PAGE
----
Designers: Connor Reid | Players: 2-5 | Playtime: 5 minutes per Boss
In our upcoming podcast we will be talking about family games. Well, I’d like to add another to that list that I received in the mail shortly after recording. It has quickly risen to the top of the games I would rather play with my family. If you ever played Speed as a kid then prepare yourselves for the updated modern equivalent.
5 Minute dungeon is a cooperative, real-time card game where players have literally five minutes to defeat a horde of monsters guarding a dungeon.
One of my main criteria for a family game is that it’s quick to teach and easy to learn. 5 Minute Dungeon fits this criteria to a tee.
The game is based around collectively matching various combinations of colored symbols shown on each door card. Everyone must quickly work together to defeat the whatever is behind the door by playing the correct combination of blue scrolls, purple jumps, red swords, yellow shields, and green arrows. Additionally, there are special action cards that can immediately kill a specific type of door card (monster, obstacle, or person).
The challenging part comes from everyone trying to do all this at the same time. Since it’s a group effort, there will be times where two players will play the same card when only one was needed. Obviously, too many of these can leave you without answers later on. Communication is key here but quick decisions are essential.
A card laid is a card played.
Variable Player Powers
I think one of the things that brings 5 Minute Dungeon into the modern era of board games are the unique player boards. Not only do they provide a small role for each player they also provide ways to mitigate the chaotic nature of this game. Allowing players to discard dead cards perform special actions is critical in this game. It effectively eliminates the downside of drawing random threats. There’s no need to worry about getting locked with nothing to do. In my opinion these special powers are the smartest thing the designer could’ve done for a game like this.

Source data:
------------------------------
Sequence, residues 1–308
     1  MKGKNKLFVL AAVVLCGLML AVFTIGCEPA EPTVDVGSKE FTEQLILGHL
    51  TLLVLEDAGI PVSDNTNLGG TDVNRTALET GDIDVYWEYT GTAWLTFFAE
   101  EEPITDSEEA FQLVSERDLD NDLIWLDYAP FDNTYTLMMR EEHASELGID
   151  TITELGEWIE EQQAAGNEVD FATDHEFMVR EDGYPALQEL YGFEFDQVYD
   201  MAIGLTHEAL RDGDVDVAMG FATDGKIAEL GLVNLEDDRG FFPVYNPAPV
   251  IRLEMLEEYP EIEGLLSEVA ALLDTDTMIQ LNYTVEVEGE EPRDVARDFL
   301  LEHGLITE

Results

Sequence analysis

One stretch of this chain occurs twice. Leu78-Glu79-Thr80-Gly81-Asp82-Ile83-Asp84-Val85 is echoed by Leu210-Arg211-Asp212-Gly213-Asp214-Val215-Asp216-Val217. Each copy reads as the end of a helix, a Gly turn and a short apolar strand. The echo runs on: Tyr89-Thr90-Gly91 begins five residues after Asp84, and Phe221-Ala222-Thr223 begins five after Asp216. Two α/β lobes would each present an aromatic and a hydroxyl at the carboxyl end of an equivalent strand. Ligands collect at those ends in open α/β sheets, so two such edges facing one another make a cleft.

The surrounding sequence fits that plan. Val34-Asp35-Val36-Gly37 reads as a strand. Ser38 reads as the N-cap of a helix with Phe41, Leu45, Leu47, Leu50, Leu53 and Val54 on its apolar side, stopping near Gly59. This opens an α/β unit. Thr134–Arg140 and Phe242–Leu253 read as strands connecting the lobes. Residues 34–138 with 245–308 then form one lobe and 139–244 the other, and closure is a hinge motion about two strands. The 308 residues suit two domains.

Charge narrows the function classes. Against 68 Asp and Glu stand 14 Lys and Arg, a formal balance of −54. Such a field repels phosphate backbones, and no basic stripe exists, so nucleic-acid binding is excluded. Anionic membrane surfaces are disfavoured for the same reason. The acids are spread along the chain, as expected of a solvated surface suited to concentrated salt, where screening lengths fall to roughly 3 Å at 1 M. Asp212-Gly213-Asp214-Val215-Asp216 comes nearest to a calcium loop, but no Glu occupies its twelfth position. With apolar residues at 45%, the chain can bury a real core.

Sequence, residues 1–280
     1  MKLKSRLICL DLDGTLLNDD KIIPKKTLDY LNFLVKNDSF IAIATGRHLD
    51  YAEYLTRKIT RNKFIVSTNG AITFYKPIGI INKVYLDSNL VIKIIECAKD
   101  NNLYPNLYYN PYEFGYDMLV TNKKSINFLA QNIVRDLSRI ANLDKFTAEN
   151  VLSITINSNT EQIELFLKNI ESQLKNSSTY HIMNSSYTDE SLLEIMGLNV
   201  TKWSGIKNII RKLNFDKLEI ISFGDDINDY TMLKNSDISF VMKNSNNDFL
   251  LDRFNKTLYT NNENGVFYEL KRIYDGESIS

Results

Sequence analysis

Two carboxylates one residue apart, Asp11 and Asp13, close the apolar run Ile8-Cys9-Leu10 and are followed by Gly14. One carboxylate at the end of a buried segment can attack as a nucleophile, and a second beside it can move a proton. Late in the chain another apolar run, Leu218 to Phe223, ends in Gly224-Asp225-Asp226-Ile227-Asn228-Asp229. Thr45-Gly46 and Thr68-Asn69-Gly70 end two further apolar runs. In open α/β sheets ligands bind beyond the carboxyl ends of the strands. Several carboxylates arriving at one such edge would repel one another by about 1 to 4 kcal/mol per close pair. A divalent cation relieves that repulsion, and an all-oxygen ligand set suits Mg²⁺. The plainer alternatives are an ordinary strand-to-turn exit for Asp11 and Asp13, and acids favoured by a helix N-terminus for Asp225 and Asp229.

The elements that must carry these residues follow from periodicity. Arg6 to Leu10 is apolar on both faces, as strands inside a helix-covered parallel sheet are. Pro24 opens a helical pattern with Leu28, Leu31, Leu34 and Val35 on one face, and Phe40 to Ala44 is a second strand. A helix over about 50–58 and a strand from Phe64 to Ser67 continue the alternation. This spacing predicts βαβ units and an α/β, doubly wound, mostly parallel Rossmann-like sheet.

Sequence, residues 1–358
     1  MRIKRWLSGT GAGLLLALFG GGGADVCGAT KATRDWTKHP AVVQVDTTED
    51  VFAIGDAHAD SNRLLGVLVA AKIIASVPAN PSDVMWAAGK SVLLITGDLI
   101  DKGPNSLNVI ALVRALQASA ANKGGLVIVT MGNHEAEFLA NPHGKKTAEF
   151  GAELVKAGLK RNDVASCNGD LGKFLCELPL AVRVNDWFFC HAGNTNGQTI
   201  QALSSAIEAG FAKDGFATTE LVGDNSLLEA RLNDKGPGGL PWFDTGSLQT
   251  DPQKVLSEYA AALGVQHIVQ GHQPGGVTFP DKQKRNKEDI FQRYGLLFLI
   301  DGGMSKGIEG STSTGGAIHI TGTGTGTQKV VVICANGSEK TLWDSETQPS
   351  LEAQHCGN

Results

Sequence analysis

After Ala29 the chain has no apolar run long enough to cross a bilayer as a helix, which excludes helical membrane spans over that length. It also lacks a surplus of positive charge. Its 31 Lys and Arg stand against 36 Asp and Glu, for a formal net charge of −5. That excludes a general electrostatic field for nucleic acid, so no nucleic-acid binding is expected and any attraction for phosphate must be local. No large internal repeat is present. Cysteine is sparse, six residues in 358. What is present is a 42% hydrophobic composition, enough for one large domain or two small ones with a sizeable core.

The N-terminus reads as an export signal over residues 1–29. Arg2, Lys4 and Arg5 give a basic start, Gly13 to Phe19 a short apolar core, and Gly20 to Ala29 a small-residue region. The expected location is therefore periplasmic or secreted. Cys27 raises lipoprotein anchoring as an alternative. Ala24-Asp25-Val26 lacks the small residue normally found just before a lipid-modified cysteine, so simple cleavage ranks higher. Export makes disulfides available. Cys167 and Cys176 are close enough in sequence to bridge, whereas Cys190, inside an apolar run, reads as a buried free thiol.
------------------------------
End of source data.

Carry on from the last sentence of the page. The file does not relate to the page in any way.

But the designer didn’t stop there. Each colored board has a different character on either side that corresponds to a colored deck. Each of the five colored decks provide their own flavor by adding various specialized action cards. These can be anything from reusing discard piles to canceling bad events that might pop up in the dungeon. The only downside to this is that you will have to make sure that each player knows what their action cards do before starting because you won’t have time to explain during the game. The rules make this extremely easy, though, with each card graphically organized according to their respective character decks.
Another thing to mention here is that the rules say you must go back to boss #1 when you lose. I basically ignore this rule. No one wants to go back to the beginning. Even the old school Nintendo games got to save after defeating a boss. Just redo the last one. Reshuffle in new door cards if you like, but don’t go back to the beginning. That’s just silly.
Believe it or not, there is a little bit of theme in this game. It may be thin but it’s there. The key tie-in here are the different characters and their corresponding decks. Each one provides a little something additional to the game that the other does not. For instance, the Wizard can stop time and cancel events. This follows that magical narrative we want to see. The Paladin allows you to reuse your discard pile which is typical of their healing powers. The Thief steals other’s’ hands even! Which is more useful than you might think in a co-op. Hint: it allows the other player to draw cards.
Beyond that, the door cards also offer a little bit of flavor as well. Each threat that shows up when you flip it over adds to the theme and overall feel of the game. The names of the threats you may face reflect the fun nature of the game. Many, many puns and cleverly named things. You may also see some nostalgic homages too. I have to admit, seeing the Adorable Slime (see Dragon Warrior) almost all but sold me when deciding to back this on Kickstarter. Well, not entirely but it helped.